It is a universal law that the longer any debate about education policy goes on the more likely it is that someone will be accused of having political or – even worse – ‘ideological’ motives. Teachers, parents and even politicians are all prone to suggesting that things would be much better if we took the politics out of education. According to this line of reasoning education is an enterprise that would be far more successful if it were left well alone by interfering governments and meddling politicians. From this point of view the politician who steps into the education policy-arena is viewed in the same way as the urban fox: perfectly acceptable in its natural environment but a nuisance when it ends up where it doesn’t belong and starts rummaging through the bins.
Taken at face value the claim that education should be spared from politics is absurd. Like all areas of public policy education inevitably involves value judgments. As a result, to refer to a particular position as political or ideological is truistic. The suggestion that we should just let teachers teach or that we should focus on what works (both popular convictions) are no less ideological positions than the argument that we should reintroduce the 11-plus. Moreover, there is a strong principled argument for retaining political control of education. In a democratic society the ultimate arbiters of what gets taught and how should be those who are accountable at the ballot-box. Finally, politicians themselves have strong practical reasons for interfering in education; the public care about what happens in our schools, and they expect politicians to at least attempt to exert some control over it.
In the end it is neither possible nor desirable to separate politics from education. Those who continue to advocate doing so are either naïve in that they genuinely believe that such separation is possible or dangerous in that they are seeking to suppress and exclude views that conflict with their own by labelling them as politically motivated. Nonetheless, there are some important ways in which politics and political considerations do get in the way of effective education policy, and it is this that accounts for the enduring appeal of the plea for separation.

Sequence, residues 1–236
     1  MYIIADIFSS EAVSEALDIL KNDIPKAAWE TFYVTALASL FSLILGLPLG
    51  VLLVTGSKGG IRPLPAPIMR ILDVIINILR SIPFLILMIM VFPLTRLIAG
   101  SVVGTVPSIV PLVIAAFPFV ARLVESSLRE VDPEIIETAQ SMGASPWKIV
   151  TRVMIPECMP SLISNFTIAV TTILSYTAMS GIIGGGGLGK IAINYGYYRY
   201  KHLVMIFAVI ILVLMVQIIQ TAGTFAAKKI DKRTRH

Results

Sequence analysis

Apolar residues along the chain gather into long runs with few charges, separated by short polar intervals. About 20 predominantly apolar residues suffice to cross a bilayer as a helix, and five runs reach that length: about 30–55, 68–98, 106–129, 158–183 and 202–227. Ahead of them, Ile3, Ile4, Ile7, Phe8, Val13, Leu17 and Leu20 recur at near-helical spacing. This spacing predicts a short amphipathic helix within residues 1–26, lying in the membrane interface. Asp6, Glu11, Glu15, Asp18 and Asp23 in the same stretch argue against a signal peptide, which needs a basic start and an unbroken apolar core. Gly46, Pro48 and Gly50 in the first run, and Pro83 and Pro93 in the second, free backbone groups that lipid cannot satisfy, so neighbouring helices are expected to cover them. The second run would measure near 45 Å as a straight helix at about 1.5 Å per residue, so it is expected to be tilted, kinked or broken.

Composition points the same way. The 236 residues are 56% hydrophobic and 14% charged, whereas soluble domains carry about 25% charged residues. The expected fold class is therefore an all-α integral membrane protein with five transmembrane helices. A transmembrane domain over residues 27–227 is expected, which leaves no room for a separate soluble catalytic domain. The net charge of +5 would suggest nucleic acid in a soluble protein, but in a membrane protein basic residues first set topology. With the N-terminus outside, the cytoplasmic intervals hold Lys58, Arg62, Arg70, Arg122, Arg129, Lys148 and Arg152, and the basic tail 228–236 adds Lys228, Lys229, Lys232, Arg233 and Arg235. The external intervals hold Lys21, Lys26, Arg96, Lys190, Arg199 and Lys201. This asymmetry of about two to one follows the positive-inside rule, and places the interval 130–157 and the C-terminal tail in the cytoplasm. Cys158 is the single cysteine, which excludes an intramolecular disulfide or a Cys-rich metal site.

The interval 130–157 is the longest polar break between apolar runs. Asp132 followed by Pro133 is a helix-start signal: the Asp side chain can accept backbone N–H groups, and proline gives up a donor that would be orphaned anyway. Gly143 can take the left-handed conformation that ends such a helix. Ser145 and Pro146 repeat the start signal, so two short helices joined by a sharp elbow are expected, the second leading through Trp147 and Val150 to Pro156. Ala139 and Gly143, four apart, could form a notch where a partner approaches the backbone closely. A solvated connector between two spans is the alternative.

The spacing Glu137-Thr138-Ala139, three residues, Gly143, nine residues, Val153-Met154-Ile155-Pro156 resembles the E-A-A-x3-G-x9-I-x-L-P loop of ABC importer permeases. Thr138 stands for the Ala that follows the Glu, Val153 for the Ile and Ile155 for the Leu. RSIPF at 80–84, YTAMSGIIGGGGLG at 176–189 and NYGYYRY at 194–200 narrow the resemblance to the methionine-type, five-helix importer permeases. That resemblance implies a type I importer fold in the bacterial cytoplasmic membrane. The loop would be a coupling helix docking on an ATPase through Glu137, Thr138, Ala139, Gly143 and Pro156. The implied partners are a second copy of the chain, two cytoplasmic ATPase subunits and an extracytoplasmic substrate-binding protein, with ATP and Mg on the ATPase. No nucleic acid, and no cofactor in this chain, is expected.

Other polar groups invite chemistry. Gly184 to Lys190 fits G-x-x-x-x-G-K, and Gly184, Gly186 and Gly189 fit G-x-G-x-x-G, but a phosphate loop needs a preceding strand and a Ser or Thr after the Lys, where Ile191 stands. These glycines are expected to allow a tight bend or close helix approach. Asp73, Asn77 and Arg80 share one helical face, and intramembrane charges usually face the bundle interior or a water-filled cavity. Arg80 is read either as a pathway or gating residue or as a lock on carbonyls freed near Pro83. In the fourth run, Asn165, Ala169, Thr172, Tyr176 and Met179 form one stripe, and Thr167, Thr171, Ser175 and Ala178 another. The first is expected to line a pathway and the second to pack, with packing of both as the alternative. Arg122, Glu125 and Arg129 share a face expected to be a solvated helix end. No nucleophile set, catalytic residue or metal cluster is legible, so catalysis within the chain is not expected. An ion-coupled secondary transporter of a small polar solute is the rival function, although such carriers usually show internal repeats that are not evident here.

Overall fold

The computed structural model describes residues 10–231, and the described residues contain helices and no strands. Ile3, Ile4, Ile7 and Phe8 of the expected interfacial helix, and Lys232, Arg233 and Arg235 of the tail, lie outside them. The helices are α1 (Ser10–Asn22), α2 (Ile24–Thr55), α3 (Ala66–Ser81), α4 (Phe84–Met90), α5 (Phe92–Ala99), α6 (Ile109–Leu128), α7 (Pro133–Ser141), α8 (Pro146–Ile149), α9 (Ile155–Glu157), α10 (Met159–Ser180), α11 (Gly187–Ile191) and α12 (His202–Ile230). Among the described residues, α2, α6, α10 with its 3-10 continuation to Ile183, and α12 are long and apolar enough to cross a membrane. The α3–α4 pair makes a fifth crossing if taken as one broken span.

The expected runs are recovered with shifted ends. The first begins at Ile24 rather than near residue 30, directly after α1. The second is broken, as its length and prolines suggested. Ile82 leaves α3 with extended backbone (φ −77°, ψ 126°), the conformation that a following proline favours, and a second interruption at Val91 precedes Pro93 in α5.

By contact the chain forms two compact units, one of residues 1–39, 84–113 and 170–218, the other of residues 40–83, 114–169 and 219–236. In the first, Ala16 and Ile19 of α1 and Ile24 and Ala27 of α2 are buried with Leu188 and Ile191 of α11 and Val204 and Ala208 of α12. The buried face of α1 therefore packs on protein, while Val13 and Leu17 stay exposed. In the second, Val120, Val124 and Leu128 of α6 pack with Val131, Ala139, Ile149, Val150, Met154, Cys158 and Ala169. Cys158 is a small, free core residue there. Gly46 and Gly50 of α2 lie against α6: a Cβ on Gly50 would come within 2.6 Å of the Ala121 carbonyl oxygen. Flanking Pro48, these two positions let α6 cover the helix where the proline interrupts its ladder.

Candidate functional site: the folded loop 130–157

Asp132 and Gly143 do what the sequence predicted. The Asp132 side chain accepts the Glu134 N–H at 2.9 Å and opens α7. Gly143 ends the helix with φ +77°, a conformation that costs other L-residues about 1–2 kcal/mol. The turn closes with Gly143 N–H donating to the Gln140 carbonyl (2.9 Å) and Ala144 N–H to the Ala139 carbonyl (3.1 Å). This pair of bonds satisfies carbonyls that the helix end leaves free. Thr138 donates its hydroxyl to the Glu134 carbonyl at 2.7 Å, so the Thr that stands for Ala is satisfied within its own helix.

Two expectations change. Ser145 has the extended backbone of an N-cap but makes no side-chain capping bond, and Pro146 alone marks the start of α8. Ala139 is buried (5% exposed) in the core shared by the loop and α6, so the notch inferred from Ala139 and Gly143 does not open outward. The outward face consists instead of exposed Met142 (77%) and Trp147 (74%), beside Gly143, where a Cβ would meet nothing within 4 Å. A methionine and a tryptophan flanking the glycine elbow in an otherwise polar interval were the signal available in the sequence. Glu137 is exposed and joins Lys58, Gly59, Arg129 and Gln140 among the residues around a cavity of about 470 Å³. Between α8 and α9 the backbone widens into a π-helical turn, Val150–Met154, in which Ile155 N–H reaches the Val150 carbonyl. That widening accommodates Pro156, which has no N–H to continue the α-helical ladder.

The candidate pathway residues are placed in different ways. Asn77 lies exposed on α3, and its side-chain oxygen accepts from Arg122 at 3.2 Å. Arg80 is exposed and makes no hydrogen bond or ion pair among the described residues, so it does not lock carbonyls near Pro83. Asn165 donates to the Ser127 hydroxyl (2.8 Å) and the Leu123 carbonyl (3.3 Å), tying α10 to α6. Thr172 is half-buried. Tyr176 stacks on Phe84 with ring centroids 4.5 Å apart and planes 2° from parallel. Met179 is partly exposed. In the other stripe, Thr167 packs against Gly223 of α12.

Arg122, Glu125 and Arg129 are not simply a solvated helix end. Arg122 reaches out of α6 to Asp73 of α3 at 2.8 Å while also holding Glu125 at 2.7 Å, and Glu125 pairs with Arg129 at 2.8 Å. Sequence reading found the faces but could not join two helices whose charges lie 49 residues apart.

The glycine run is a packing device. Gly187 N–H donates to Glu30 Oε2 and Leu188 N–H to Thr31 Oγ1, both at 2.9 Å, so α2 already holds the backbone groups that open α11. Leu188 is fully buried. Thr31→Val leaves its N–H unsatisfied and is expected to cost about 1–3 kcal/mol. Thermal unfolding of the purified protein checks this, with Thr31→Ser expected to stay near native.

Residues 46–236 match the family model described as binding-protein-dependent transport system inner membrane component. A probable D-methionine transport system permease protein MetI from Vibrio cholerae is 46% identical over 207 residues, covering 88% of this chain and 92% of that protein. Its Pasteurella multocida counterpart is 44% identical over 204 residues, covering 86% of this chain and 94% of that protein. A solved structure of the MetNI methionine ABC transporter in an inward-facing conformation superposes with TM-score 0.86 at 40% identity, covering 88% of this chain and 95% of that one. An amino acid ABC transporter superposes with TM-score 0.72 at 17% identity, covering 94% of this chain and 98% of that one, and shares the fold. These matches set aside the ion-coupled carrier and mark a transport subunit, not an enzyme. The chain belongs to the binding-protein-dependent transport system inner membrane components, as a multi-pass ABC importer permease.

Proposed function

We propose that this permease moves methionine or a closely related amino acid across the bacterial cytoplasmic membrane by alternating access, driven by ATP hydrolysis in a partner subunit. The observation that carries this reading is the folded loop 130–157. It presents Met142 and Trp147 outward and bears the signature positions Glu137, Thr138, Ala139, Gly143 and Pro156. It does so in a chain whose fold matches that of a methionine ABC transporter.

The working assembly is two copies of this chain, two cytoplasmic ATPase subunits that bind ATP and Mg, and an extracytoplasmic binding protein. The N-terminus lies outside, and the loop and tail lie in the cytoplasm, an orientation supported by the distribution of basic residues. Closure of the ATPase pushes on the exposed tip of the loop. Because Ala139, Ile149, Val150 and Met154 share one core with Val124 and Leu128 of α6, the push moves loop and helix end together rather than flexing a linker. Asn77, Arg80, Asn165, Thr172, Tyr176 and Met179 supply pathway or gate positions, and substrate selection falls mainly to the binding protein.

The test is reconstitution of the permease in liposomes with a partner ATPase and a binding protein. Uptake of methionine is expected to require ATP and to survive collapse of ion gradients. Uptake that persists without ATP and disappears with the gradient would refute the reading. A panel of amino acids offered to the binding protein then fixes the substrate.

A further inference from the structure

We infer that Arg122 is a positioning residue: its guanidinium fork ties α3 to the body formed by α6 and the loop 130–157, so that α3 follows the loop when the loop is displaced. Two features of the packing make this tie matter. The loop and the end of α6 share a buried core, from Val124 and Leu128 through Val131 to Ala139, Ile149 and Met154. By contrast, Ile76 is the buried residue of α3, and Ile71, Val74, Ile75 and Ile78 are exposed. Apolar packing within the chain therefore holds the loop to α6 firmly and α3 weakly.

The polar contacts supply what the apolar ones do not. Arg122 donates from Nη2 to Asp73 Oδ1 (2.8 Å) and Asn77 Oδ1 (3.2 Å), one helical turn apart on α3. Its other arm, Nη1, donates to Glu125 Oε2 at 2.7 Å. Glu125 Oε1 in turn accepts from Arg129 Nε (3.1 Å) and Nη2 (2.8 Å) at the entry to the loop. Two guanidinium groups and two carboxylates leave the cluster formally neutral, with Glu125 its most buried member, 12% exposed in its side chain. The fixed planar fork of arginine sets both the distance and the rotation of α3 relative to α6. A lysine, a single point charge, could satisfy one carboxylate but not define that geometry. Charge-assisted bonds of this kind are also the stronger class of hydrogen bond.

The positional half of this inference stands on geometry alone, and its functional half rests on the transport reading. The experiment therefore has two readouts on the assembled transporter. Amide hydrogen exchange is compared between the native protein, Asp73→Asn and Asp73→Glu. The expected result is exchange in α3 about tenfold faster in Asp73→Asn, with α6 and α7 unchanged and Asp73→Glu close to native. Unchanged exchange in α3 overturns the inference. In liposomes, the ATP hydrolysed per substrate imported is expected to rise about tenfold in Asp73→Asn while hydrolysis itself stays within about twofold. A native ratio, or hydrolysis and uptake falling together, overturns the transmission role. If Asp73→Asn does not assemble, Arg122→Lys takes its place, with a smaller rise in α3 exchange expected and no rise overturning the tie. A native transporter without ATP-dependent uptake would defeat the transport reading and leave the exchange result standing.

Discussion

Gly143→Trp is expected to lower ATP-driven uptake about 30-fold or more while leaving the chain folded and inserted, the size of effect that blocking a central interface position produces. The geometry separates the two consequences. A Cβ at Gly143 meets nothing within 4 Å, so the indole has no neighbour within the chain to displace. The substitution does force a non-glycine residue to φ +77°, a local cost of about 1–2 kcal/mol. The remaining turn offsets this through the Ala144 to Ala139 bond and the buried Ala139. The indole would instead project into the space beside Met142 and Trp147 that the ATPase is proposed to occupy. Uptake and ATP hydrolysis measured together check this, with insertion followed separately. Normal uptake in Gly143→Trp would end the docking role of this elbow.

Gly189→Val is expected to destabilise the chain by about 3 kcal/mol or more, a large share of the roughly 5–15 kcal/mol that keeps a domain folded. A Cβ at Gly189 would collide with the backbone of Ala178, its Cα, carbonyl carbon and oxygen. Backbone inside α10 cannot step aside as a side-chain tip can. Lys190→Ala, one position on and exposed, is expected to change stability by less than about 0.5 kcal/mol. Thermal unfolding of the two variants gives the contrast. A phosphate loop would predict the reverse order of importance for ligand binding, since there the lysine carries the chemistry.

One obvious way in which politics makes effective policy less likely occurs is through the electoral cycle. Governments, generally speaking, have short life-spans. Good education policy requires time for careful planning, rigorous evaluation and considered implementation. As a result there is a direct conflict between the relentless desire of governments to always be seen to be doing something and the demands of effective policy. Another important consequence of this short-termism is that it prevents ministers from developing genuine expertise in their policy area. In the ten years prior to Gove’s appointment in 2010 there were six different holders of the position of Secretary of State for Education. In such a short time it would be unreasonable to expect even the best and brightest – let alone government ministers – to develop anything that can fairly be called expertise in the area of education.